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Economic Times Best Healthcare Brand
High cholesterol, also known as hypercholesterolemia, is a condition where is an excess of cholesterol in the blood. Cholesterol is a waxy, fat-like substance that is produced naturally by the liver and also found in certain foods. It plays an important role in the body, such as helping to build cell membranes and producing hormones. However, having high levels of cholesterol in the blood can be dangerous and can lead to various health problems, including heart disease, stroke and many health problems.
There are two main types of cholesterol: low-density lipoprotein (LDL) and high-density lipoprotein (HDL).
LDL cholesterol is often referred to as "bad" cholesterol because it can build up in the walls of arteries, leading to blockages and increasing the risk of heart disease and stroke.
HDL cholesterol is often referred to as "good" cholesterol because it helps remove LDL cholesterol from the bloodstream and can lower the risk of heart disease and stroke.
High cholesterol can be caused by a variety of factors, including:
Eating foods that are high in saturated and trans fats can increase cholesterol levels in the blood.
High cholesterol can be inherited from parents or other family members.
Lack of exercise
Being physically inactive can contribute to high cholesterol levels.
Age and gender
Cholesterol levels tend to increase with age, and men tend to have higher cholesterol levels than women.
Certain medical conditions, such as diabetes, hypothyroidism, and kidney disease, can increase cholesterol levels.
Some medications, such as corticosteroids and beta-blockers, can increase cholesterol levels.
What are the warning signs of high cholesterol? They include high blood pressure, chest pain, yellowish deposit, hands and feet numbness, shortness of breath and more.
Here are 6 common warning signs that may indicate high cholesterol;
Chest pain or angina can be a warning sign of high cholesterol, as high levels of cholesterol can lead to the build-up of plaque in the arteries, which can restrict blood flow to the heart.
Yellowish deposits on the skin, known as xanthomas, can be a sign of high cholesterol. These deposits can occur on the eyelids, hands, feet, or other areas of the body.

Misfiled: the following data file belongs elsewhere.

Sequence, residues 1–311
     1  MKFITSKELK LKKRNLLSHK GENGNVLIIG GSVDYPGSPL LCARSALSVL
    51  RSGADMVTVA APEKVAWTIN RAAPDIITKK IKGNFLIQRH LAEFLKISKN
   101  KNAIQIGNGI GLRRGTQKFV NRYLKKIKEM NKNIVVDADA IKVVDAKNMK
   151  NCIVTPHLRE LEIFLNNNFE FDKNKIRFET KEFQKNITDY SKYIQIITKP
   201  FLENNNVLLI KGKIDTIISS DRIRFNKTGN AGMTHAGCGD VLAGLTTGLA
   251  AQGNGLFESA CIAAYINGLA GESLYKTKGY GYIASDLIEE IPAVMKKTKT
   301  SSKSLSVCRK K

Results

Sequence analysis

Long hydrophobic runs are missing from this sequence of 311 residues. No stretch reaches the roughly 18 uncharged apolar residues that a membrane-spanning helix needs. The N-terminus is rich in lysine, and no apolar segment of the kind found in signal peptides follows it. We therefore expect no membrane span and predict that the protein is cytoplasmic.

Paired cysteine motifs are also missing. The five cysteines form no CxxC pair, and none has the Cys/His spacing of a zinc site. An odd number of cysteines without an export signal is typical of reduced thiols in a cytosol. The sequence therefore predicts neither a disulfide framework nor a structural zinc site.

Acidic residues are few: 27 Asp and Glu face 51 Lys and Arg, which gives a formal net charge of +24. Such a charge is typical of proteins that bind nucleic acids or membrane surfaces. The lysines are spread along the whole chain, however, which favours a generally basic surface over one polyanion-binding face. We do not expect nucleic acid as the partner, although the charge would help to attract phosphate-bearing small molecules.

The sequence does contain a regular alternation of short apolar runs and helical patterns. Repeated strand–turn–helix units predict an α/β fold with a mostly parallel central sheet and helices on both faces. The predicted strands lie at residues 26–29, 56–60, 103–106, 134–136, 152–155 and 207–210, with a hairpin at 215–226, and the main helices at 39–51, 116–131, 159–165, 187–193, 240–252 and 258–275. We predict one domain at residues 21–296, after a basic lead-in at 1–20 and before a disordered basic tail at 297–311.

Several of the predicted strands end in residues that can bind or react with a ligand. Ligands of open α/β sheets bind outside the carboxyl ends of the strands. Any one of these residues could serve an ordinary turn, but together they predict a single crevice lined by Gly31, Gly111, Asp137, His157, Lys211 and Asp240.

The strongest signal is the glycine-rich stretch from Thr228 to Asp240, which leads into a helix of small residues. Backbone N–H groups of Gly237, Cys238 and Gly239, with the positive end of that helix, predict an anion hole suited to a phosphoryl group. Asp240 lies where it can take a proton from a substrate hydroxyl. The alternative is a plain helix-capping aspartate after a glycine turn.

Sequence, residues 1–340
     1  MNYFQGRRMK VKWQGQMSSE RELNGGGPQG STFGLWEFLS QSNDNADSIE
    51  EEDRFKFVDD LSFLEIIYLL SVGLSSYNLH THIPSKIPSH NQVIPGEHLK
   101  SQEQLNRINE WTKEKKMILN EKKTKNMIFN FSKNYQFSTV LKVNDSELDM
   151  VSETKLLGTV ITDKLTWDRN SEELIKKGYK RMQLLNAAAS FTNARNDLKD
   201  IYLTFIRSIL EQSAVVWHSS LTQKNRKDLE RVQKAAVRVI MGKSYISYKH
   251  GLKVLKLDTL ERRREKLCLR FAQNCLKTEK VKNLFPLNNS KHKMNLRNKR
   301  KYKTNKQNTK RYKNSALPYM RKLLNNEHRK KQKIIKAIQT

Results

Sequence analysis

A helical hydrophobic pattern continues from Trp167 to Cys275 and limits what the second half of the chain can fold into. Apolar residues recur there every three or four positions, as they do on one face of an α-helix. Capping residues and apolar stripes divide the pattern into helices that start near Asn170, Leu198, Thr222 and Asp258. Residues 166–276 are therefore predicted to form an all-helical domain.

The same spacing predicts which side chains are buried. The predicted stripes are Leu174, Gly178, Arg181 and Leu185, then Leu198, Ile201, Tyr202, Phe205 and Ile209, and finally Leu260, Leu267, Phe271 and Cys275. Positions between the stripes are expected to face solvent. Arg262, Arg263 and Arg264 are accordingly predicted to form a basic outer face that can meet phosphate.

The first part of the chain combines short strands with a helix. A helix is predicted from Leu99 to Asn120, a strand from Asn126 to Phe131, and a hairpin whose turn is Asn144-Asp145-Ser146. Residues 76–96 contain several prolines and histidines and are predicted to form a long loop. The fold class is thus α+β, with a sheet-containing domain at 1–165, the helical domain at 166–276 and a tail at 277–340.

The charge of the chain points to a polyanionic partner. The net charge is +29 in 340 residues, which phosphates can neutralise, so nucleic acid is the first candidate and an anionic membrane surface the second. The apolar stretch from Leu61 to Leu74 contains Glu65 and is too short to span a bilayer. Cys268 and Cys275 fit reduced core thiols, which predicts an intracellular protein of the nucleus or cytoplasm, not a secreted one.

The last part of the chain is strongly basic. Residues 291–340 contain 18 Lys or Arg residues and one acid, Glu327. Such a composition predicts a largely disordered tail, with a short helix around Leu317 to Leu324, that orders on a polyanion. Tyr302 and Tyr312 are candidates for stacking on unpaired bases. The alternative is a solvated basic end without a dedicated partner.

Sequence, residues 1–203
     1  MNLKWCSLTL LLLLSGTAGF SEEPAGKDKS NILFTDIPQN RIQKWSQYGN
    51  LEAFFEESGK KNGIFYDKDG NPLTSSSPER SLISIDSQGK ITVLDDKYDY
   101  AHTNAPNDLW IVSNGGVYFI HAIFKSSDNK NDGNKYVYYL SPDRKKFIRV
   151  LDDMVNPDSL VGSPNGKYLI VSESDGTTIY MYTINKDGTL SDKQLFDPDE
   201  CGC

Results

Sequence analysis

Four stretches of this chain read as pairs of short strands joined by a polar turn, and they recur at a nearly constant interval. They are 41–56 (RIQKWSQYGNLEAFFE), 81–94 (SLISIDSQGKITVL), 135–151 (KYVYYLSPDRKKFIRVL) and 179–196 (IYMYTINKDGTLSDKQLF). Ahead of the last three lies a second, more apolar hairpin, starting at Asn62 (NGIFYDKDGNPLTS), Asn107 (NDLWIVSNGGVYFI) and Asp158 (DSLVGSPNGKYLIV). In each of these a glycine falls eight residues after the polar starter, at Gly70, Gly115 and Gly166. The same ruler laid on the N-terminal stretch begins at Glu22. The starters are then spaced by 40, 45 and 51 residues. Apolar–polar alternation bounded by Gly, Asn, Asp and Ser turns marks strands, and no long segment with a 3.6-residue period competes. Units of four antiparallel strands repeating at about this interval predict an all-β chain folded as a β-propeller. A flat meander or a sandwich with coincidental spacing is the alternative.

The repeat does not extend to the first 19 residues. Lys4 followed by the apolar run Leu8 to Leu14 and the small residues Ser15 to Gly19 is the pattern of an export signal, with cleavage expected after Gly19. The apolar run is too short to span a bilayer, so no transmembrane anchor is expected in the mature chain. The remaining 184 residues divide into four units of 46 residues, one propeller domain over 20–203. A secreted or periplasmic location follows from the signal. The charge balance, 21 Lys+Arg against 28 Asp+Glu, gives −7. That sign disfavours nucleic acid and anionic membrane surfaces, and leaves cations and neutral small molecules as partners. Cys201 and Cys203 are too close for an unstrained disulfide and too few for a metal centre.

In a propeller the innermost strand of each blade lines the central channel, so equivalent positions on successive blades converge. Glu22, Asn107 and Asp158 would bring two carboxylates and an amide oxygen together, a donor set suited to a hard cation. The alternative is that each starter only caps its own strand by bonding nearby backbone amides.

High cholesterol can cause the narrowing of the arteries, which can restrict blood flow to the extremities, leading to numbness or tingling in the hands or feet.
If high cholesterol is left untreated, it can lead to the development of atherosclerosis, which can cause shortness of breath or difficulty breathing.
Chest discomfort, such as pressure, fullness, or squeezing, can be a warning sign of high cholesterol, as it can indicate the development of angina or a heart attack.
High cholesterol can lead to high blood pressure, as the build-up of plaque in the arteries can restrict blood flow and cause the heart to work harder to pump blood throughout the body. High blood pressure can also increase the risk of heart disease, stroke, and other complications.
Apart from these symptoms, some physical features, such as xanthomas, can be a sign of high cholesterol. However these are not always present, and their absence does not necessarily mean that a person does not have high cholesterol. The most reliable way to diagnose high cholesterol is through blood tests, which can measure the levels of different types of cholesterol in the blood.
Therefore, if you are experiencing any of these warning signs, speak to your healthcare provider, who can perform blood test to determine your cholesterol levels. Maintaining a healthy lifestyle, including a balanced diet, regular exercise, and avoiding smoking, can help reduce the risk of high cholesterol and related health problems. Additionally, it is important to have your cholesterol levels checked regularly to be aware of the risk factors and to make lifestyle changes to manage cholesterol levels and reduce the risk of heart disease and stroke.